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By Rachel Elbaum
LONDON — For the second time in as many months, British lawmakers rejected Prime Minister Theresa May’s divorce deal with the European Union.
Tuesday’s defeat comes only 17 days before the United Kingdom is due to leave the 28-country bloc.
It also casts doubt on whether Britain’s departure will occur as scheduled — or even at all.
Lawmakers rejected her deal 391 to 242, which was similar to the previous vote.
On Jan. 15, May suffered the biggest parliamentary defeat of any British prime minister in history as more than one-third of lawmakers from her ruling Conservative Party voted against her proposal to leave the E.U. Only 202 lawmakers overall supported her plan in that humiliating vote, with 432 rejecting it in Parliament.
Earlier Tuesday, she laid out the potential consequences of defeat.
“If this vote is not passed tonight, if this deal is not passed, then Brexit could be lost,” a hoarse May said in Parliament.
Last week, she promised lawmakers that if the deal were to fail for a second time, they would then have the opportunity to vote on the way forward.
They are now set to decide in the next few days whether to leave the E.U. without an agreement — an idea likely to be rejected due to its potentially devastating economic impact — or to ask the E.U. to delay Brexit beyond the scheduled March 29 departure date.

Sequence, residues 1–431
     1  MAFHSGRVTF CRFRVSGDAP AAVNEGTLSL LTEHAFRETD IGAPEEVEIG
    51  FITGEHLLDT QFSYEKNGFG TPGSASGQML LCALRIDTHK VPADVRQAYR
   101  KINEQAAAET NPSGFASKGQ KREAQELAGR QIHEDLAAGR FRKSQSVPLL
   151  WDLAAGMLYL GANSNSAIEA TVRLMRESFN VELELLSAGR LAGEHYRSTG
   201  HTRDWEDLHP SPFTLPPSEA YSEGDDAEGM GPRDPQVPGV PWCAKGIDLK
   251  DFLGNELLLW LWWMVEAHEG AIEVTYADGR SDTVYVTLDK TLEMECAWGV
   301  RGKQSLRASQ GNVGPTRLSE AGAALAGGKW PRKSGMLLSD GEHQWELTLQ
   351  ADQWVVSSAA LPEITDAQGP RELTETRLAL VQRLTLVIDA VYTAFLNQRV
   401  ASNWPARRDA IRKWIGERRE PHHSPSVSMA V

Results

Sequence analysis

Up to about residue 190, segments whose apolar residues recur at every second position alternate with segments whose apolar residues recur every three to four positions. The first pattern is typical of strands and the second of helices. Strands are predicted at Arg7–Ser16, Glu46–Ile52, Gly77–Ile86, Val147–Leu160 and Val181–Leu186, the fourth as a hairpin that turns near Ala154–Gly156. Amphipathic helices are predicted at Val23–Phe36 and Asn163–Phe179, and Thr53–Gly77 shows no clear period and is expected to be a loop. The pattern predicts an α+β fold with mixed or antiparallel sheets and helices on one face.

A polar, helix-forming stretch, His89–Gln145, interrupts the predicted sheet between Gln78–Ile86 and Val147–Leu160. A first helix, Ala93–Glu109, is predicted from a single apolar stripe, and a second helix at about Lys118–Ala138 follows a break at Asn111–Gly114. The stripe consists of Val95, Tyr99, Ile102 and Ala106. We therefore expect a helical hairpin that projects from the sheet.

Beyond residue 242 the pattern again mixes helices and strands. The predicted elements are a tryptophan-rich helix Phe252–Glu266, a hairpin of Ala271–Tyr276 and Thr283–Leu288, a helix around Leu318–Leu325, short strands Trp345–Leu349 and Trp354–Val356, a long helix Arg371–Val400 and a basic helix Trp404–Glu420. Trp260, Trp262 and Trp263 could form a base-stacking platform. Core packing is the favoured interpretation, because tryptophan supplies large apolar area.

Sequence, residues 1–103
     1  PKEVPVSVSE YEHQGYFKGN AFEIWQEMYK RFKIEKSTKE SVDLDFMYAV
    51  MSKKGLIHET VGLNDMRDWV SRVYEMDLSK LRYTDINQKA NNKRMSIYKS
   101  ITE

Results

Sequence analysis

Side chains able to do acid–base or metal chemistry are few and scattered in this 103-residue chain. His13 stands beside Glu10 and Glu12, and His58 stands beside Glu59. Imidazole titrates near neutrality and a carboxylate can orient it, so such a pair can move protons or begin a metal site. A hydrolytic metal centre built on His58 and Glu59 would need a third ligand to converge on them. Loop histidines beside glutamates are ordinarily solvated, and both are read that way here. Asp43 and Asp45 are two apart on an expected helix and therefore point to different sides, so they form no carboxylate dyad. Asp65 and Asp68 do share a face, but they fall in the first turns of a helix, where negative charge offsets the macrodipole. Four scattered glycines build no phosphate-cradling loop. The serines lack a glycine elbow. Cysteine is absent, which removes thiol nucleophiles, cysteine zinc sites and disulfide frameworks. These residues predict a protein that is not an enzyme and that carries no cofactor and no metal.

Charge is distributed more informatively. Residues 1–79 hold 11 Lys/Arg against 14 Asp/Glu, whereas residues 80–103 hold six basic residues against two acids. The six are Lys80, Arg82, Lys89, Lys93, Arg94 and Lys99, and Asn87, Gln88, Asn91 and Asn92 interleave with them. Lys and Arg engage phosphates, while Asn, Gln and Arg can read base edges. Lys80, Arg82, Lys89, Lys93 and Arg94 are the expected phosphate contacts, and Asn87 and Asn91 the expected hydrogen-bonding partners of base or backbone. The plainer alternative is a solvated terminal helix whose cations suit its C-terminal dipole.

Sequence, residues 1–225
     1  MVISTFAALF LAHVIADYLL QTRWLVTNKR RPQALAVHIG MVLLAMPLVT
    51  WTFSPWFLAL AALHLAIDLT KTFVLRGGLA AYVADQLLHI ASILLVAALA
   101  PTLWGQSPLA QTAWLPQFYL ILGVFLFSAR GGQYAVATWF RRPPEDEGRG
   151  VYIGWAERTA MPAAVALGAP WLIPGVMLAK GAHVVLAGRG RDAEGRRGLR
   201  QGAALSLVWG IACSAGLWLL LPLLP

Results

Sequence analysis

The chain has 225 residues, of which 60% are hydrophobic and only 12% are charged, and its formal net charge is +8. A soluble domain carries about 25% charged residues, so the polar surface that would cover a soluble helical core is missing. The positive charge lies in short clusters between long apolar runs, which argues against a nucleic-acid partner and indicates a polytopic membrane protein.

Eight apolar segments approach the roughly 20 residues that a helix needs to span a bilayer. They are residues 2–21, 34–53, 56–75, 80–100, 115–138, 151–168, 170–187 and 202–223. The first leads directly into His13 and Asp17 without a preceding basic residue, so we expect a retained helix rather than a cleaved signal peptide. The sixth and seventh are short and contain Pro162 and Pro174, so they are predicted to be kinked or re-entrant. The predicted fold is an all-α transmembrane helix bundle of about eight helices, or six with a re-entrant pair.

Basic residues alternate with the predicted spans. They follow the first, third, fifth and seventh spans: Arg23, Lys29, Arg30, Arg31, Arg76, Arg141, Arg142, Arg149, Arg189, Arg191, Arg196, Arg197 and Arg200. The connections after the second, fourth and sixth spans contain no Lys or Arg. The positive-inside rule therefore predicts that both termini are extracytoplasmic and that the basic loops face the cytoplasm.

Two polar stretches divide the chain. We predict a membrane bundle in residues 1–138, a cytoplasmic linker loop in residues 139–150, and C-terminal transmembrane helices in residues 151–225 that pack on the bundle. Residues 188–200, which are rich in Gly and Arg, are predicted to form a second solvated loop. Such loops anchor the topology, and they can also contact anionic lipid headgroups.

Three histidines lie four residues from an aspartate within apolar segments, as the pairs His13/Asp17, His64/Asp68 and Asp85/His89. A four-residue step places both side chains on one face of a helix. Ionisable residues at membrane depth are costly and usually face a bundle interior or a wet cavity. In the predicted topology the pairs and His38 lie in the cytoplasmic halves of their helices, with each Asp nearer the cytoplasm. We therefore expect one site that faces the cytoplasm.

May spent almost two years negotiating her withdrawal agreement with the E.U.
The main sticking point in the deal for many lawmakers is an insurance policy designed to keep open the border between Northern Ireland, which is part of the U.K., and the Republic of Ireland, which will remain part of the E.U.
Since the first failed vote, May has worked with the E.U. to clarify how the so-called Irish backstop would work. Brexit supporters fear that the backstop could be used to bind the country to E.U. regulations indefinitely.
On Monday, May made a last-minute visit to Strasbourg, France, for talks with European Commission President Jean-Claude Juncker. She had hoped that what she called “legal changes” to the backstop would be enough to convince reluctant lawmakers to vote for her deal.
By Tuesday afternoon, it became increasingly clear that her second vote would also fail.
Attorney General Geoffrey Cox said May’s changes to her plan reduced the risk Britain could be trapped inside E.U. regulations — but didn’t eliminate it. Then, both the influential pro-Brexit faction of lawmakers in May’s party and her coalition partners from Northern Ireland said they would not vote for her deal.
If Parliament fails to act, then Britain will leave the E.U. without an arrangement for its future trading relationship. Businesses have warned that there could be gridlock at British ports as a result of customs checks and shortages of fresh produce.
In the long run, the government says a no-deal scenario would leave the economy 6 percent to 9 percent smaller over 15 years than remaining in the E.U.